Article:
Months of "the sky is falling!" news stories have all led up to this: the Senate today voted unanimously to postpone the transition from analog to digital television from Feb. 17 to June 12.
Apparently, according to the Nielsen Co., more than 6.5 million households in the U.S. that rely on analog television - the old-fashioned kind that comes through an antenna, rather than a digital cable box - would be unprepared for the changeover and would lose all television reception if the date were not to be pushed back.
The House of Representatives still has to vote on the bill, where a committee vote has been scheduled for tomorrow (Tuesday).
The need to push the transition back a few months became apparent when the government ran out of money to fund coupons for folks who couldn't afford special boxes they could purchase to enable their televisions to still pick up a signal. The National Telecommunications and Information Administration, the Commerce Department agency running the program, has nearly 2.6 million people on waiting lists for coupons. New coupons are only being sent out as old ones that haven't been redeemed expire.Gene Kimmelman, vice president for federal policy at Consumers Union, said low-income and elderly viewers are the ones who will suffer most from the transition.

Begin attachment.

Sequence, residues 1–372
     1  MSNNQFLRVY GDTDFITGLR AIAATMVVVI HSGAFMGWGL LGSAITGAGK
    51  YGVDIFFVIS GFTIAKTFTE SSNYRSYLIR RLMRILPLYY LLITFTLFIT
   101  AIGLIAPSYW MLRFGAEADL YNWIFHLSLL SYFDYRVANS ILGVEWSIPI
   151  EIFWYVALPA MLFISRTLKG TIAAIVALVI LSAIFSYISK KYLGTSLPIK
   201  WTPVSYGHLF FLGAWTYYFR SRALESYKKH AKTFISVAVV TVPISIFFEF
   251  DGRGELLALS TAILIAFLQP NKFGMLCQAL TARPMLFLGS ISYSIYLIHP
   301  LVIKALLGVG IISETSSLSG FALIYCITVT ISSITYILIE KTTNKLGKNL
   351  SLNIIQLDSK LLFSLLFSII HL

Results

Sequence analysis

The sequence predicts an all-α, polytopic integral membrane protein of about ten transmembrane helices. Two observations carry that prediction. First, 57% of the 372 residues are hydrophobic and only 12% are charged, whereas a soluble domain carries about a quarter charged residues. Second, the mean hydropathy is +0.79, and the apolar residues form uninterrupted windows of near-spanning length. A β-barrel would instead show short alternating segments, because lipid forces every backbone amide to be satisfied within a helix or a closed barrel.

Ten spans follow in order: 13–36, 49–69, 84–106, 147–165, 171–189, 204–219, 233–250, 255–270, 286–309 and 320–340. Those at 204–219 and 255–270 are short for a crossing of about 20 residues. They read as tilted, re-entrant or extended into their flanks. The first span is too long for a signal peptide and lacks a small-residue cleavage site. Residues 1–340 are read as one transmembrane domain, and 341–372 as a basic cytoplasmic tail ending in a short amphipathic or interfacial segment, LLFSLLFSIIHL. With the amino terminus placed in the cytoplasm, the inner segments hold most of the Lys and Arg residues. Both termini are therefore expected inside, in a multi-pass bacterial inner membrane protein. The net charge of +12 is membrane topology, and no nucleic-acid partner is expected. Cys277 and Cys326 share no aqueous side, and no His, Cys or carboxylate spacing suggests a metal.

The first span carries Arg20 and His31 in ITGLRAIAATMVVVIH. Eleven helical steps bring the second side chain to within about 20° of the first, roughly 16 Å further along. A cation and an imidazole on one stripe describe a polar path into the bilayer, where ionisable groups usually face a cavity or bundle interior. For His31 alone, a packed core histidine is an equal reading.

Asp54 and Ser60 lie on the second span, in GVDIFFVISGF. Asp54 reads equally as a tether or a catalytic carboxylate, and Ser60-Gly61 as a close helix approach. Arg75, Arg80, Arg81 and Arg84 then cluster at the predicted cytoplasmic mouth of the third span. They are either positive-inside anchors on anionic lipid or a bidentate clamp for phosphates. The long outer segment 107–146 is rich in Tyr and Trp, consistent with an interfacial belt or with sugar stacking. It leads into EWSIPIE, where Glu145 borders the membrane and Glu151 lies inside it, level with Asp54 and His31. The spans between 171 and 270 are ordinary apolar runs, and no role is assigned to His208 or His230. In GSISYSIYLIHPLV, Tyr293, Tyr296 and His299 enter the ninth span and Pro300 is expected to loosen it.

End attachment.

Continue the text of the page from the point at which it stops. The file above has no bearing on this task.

The government has failed to deliver the converter boxes these people deserve just to keep watching free, over-the-air broadcast signals.
The boxes cost $40 to $80 apiece and capture the digital signal, transforming it into analog for the old TVs.
The reason the transition was mandated at all in 2005 was to free up space for emergency-response networks and commercial wireless services.